Before I started this #happier research, I tended to think that gratitude was cultivating an appreciation for what you have and taking time to do that is important, but considering the opposite can be just as important.

In the holiday classic “It’s A Wonderful Life”, George Bailey, played by Jimmy Stewart, is given a chance to see the world without him ever being born. Seeing that alternate future fills Bailey with gratitude and inspiration to return to his life anew.

Dutch psychologist Nico Frijda said “constantly being aware of how fortunate one’s condition is and how it could have been otherwise, or actually was otherwise before” engages our minds to recall and imagine those times.

Spiritual practices and academic research also support the value in focusing on less or being without. During the month of Ramadan, Muslims engage in the practice of fasting while the sun is in the sky. Almost every religion places value on silence and solitude. When you ask college seniors to comtemplate the limited time they have left in university, they report higher levels of well-being and participate more in school activities ahead of graduation.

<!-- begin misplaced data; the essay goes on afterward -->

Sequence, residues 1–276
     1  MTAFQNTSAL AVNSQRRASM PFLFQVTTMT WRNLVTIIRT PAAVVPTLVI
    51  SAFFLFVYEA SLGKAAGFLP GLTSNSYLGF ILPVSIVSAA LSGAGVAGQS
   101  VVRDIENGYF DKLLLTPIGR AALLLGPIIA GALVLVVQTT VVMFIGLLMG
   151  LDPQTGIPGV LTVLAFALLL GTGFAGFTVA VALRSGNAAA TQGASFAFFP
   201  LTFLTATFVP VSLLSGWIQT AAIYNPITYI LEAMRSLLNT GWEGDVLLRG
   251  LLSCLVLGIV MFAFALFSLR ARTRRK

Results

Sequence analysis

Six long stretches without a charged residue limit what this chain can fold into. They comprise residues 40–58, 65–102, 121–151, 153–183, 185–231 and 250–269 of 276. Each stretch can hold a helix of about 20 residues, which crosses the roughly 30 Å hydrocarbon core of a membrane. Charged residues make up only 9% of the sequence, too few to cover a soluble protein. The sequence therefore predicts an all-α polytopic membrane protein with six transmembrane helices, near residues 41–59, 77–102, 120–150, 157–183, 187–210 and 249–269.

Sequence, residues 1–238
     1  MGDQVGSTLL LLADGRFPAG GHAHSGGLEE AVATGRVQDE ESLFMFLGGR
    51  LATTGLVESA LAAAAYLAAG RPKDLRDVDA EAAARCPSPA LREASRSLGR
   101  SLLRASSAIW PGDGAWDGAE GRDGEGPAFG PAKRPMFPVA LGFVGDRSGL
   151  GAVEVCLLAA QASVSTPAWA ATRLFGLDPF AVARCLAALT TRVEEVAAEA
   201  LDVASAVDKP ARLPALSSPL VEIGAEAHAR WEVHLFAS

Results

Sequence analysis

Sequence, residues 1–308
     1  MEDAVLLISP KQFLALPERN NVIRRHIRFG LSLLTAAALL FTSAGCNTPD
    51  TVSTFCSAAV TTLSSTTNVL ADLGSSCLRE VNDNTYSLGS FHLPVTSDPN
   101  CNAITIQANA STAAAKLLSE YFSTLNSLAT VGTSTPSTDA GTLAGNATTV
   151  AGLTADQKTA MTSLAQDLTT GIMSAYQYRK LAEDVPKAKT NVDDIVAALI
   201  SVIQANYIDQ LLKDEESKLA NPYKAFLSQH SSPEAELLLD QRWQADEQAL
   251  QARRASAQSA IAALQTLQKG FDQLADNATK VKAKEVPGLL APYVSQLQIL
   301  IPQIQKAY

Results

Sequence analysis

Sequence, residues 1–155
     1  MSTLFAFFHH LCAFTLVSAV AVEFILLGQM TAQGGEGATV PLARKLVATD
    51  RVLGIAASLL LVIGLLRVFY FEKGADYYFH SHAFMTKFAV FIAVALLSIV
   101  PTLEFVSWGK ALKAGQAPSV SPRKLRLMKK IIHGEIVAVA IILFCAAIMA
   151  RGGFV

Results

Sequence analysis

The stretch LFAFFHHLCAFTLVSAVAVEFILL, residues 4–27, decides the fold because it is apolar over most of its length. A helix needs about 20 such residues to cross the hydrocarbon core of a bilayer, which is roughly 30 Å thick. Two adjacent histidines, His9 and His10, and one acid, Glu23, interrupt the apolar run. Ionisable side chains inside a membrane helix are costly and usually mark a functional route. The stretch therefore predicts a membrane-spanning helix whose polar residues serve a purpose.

We assume everything we have will always be there.

Flower petals fall.

Loved ones die.

Memories fade.

As Robert Emmons sums it up – “It is a good practice to notice when a particuarly good thing in your life is going to end and not assume it will go on forever. Or just imagine that it is about to end.”

Gratitude follows.



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